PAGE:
• The athletes themselves, instead of being fine examples of the human body in its natural form, are in fact pumped up products of illegal steroids and substances. So much for promoting health, fitness and vitality!

  • Some athletes so grotesquely abuse substances and their bodies, in order to make their mark on the Olympics; that even their gender is called into question.

  • The games, originally designed to promote friendly competition between rival nations, are used as a massive propaganda tool by the host countries to promote their own vision of society. Witness the Munich Olympics of 1936, or the tit for tat boycotting of the Olympics by the USA and USSR in the 1980’s.

I for one will be doing everything possible to avoid reading about them, or watching them, when they start later this year.

They are, in my opinion, of little value or purpose.

Thursday, April 15, 2004

You Get What You Ask For

I note that my previous article, "The Merging of the Customs and Inland Revenue", seems to have been rather prophetic; with regard to the inability of politicians to manage IT projects.

An article in Wednesday's Times notes that owing to the slipshod vetting of tenders; the UK tax payer has been landed with a cost over run of £150M, relating to a contract with an IT agency that vets people working with children and the vulnerable.

It seems that the number of people using this service was massively underestimated. A classic mistake often made when defining the usage requirements of new IT systems.

The politicians thought that they were being clever in contracting with the company that offered the lowest bid.

However, that bid was based on low usage figures which were in fact wrong. The actual figures, which were much higher, have resulted in a significantly higher variable running cost.

Be careful when vetting tenders, you get what you ask for!

Tuesday, April 06, 2004

The Merging of the Customs and Inland Revenue

Gordon Brown, in his recent UK budget, announced that the offices of Customs and Excise and the Inland Revenue would be merged. The timescale for this is estimated, by KPMG tax chief Laughlin Hickey, to be around five years.

The disruption and chaos to the UK tax and VAT systems, that it will undoubtedly cause, is beyond measure. Needless to say, the overburdened tax payers will bear the brunt of the chaos.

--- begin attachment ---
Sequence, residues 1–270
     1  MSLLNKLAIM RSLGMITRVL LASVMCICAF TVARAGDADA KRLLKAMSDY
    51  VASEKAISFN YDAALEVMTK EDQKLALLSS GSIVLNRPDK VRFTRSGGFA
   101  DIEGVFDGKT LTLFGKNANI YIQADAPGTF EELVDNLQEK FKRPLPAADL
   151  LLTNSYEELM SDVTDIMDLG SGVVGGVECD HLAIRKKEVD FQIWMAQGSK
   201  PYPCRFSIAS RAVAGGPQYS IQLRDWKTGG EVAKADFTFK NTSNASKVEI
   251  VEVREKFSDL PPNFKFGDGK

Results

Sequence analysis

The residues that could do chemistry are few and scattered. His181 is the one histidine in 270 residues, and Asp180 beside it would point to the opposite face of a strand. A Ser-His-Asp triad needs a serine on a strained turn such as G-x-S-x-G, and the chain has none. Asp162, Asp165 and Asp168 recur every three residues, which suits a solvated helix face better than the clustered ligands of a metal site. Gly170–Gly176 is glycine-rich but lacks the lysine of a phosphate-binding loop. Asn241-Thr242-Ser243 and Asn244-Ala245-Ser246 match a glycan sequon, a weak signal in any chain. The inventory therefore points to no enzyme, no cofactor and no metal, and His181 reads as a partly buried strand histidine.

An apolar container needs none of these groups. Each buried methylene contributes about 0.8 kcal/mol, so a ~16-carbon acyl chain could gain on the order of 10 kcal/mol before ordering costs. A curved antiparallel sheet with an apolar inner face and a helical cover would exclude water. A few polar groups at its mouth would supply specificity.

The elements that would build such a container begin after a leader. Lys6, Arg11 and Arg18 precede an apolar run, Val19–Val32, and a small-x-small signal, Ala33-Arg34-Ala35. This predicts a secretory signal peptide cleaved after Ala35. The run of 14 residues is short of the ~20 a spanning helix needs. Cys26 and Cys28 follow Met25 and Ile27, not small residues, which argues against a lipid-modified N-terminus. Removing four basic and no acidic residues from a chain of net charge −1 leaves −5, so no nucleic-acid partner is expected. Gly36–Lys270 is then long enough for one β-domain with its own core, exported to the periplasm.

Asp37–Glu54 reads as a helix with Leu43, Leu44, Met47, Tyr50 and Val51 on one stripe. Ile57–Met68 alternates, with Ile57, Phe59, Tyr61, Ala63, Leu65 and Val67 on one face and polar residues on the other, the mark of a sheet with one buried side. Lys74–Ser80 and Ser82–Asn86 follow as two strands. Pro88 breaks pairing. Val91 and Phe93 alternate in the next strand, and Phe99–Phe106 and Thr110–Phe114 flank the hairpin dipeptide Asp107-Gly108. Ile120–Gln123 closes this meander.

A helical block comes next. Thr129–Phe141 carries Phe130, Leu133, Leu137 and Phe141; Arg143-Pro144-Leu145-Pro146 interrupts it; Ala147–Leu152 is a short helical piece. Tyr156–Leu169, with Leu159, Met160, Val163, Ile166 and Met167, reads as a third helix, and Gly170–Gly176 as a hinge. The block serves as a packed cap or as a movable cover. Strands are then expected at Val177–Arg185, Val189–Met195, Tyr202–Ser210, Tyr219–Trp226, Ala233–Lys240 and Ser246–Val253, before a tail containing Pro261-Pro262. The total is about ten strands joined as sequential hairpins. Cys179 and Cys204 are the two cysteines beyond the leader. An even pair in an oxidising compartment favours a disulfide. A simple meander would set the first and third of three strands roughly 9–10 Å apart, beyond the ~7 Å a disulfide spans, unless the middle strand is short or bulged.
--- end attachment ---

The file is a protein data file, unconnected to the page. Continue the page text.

One area that will undoubtedly cause the most difficulty will be the merging of the departments’ computer systems. As anyone who has managed an IT changeover knows, the process of upgrading or changing an IT system needs to be carefully planned controlled and monitored.

Many private sector firms find IT system changes to be unexpectedly costly, both in terms of time overruns and money expended trying to fix “bugs” etc; which were not expected at the planning stage. The history of public sector IT changes is littered with even more expensive failures, the IT upgrade of the air traffic control system is one such example of poor planning and control.

This seems an apposite time to remind IT managers (and the Treasury) of the basics of planning, and managing, a successful IT change.

Here is a very generic checklist, which can be used when reviewing the merits/demerits of a new IT system. Note, it is very basic, and is not intended to be comprehensive.


  • System/user specification - compared with standard Internal Control Objectives. Is the package in conformity with company recommendations?

    • Is the system being taken "as delivered" or is it being customised?

    • if so, additional development costs and timescale

    • if so, implications for system size and response time

    • use of PC packages to replace or supplement larger systems

    • are features being lost which will have to be replaced e.g. inputs to planning at head office level.

  • Cost rentability/payback savings:

    • what are the alternatives?

    • have all costs been identified and included e.g. incremental licence fees?

    • has the in house IT department been permitted to bid for service and have cost-comparisons been prepared on a rational basis?

    • downsizing risks.

    • cost implication for remaining users.

    Interfaces to other systems

  • Organisational issues:

    • user profiles set up to reflect organisation.

    • discipline in manufacturing environment.

    • is integration within the package matched by an integrated approach to the implementation?

    • is system ownership/module ownership clearly defined?

    • is the role of Data Administrator defined?

    • is there sufficient local expertise for a stand-alone IT dept. especially if there is a change to unfamiliar hardware and operating system?